On Wednesday, Travel booking website Trivago lost its appeal against a federal court ruling that it misled Australian consumers about cheap hotel deals in its TV advertising and on its website.
Trivago’s appeal against the January ruling by federal court Justice Mark Moshinsky was dismissed. The ruling stands that Trivago, the Netherlands-incorporated company, showed big-spending advertisers higher up in results for hotel deals and above the cheapest options.
Trivago, compares hotel direct booking prices with booking sites such as Expedia, with the promise of finding the best deal for would-be travellers but the court found that Trivago highlighted deals that benefitted their advertisers instead.
National CEO of Australia’s tourism accommodation body, Michael Johnson welcomed the decision of the Full Federal Court to dismiss the appeal by Trivago against the earlier decision which found it was making misleading representations about hotel room rates on its website and television advertising.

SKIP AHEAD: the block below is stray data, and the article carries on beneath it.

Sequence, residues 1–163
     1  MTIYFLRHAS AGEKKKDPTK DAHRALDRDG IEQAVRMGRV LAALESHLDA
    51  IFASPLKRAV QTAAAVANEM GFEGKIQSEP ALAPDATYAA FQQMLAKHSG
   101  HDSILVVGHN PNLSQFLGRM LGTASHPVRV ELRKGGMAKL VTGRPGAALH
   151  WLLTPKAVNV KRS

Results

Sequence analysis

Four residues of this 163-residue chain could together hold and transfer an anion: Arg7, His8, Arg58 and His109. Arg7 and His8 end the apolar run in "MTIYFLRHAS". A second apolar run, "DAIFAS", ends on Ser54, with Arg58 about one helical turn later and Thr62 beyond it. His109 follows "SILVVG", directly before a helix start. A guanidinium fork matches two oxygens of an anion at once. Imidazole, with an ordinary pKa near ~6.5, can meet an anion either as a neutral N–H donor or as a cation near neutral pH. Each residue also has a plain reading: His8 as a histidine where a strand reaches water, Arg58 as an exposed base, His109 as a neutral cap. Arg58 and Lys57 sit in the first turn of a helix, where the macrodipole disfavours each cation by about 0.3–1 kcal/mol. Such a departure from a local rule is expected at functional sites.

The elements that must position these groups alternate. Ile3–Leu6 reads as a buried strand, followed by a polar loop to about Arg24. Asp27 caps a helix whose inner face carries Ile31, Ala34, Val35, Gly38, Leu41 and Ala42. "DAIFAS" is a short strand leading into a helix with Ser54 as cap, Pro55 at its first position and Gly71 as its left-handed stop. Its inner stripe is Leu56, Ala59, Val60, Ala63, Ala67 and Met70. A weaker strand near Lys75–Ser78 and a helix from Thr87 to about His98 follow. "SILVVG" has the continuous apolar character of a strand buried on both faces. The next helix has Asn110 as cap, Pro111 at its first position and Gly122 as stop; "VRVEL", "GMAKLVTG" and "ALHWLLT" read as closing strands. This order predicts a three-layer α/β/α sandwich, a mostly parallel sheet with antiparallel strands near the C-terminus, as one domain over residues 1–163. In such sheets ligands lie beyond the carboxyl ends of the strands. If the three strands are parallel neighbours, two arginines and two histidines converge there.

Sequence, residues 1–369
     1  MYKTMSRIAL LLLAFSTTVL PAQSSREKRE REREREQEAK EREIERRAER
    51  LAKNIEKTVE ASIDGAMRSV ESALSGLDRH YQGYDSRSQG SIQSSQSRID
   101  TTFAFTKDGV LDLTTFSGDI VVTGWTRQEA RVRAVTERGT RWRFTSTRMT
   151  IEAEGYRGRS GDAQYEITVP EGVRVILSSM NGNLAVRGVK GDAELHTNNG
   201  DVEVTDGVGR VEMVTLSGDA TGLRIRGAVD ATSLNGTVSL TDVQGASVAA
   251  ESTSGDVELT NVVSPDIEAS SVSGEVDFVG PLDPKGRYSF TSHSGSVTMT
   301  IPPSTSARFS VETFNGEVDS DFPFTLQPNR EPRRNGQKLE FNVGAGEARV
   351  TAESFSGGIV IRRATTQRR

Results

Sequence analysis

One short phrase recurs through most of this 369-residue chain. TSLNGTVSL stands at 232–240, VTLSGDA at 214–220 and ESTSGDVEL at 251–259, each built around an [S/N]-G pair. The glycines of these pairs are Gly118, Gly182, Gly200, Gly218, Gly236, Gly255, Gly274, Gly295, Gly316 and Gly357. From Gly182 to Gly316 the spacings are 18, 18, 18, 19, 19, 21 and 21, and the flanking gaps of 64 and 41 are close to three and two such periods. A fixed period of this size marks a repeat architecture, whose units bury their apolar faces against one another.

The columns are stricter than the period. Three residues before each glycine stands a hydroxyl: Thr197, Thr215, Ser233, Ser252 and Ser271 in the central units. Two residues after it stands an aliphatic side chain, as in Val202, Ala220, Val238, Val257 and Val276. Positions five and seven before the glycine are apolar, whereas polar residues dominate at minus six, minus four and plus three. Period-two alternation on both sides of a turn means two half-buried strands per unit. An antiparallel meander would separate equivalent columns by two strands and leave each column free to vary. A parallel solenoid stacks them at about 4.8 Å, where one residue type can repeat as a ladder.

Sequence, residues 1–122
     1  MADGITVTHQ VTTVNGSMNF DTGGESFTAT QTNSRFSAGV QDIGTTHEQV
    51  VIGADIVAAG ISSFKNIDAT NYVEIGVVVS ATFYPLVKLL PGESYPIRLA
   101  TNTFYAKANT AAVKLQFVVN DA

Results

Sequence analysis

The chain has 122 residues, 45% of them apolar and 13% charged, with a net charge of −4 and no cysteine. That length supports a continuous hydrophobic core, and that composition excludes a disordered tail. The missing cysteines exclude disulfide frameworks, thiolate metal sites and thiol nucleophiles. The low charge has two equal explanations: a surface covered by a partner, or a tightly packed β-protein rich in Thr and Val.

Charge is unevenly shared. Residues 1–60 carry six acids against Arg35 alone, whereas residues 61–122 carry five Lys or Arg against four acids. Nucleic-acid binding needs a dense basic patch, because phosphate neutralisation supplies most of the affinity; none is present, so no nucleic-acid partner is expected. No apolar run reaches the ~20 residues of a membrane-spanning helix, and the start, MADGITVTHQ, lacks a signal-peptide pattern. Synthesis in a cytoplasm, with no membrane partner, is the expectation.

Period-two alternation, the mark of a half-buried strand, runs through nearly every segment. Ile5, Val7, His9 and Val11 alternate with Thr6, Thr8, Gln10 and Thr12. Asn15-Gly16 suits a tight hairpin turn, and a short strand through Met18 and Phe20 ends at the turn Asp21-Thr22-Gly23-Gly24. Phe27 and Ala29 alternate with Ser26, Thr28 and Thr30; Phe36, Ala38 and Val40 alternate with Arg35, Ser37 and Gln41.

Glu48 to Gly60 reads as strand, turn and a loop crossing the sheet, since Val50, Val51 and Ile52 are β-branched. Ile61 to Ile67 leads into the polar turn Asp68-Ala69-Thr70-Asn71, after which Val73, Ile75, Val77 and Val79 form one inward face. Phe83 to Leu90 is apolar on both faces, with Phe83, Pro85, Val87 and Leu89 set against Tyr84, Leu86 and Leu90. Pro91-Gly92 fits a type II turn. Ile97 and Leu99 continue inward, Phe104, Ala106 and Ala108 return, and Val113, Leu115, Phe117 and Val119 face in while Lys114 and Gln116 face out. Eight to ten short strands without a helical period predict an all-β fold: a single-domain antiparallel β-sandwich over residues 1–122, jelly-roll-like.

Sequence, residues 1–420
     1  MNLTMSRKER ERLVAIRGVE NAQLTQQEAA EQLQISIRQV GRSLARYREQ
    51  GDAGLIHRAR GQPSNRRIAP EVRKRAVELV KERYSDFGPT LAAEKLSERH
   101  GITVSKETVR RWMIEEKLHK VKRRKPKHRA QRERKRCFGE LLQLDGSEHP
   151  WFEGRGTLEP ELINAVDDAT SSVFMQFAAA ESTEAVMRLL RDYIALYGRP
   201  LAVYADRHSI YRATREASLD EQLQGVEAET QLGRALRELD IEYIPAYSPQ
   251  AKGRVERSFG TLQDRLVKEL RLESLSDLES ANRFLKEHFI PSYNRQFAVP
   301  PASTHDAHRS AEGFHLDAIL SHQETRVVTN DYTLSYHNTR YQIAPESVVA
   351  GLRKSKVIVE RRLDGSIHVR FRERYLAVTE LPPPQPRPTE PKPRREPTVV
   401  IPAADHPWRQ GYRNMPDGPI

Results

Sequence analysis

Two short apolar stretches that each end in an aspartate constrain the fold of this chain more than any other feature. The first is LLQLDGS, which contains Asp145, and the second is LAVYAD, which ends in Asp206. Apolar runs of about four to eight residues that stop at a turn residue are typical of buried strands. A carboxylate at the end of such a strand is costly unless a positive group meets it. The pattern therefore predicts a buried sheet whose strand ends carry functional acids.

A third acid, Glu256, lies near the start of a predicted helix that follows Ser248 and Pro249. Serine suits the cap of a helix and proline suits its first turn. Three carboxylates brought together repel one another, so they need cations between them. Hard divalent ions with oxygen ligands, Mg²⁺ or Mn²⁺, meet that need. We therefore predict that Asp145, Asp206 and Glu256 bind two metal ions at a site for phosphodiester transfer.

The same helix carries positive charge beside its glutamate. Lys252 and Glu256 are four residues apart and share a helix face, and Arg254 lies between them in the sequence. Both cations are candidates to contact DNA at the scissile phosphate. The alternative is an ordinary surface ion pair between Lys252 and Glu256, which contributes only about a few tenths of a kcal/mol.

Mr Johnson said TAA had been working on behalf of its members for several years to reform booking websites like Trivago and had brought the matter to the attention of the Australian Competition and Consumer Commission (ACCC).
“Today’s decision is a win for our accommodation hotels and the customers who use them,” Mr Johnson said.
“Many of our members had serious concerns about the misleading practices of some comparison websites and the work by the ACCC to investigate and bring the matter to court is welcome.
“It is good news for our industry as we try to recover from the toughest year in recent memory,” he said.
In January of this year the Federal Court ruled Trivago had misled consumers by representing its website would quickly and easily help users identify the cheapest rates available for a given hotel.
The ACCC brought the case to court because they were concerned consumers were being told they were getting the best deal, when in fact they were shown the deals that benefited Trivago advertisers.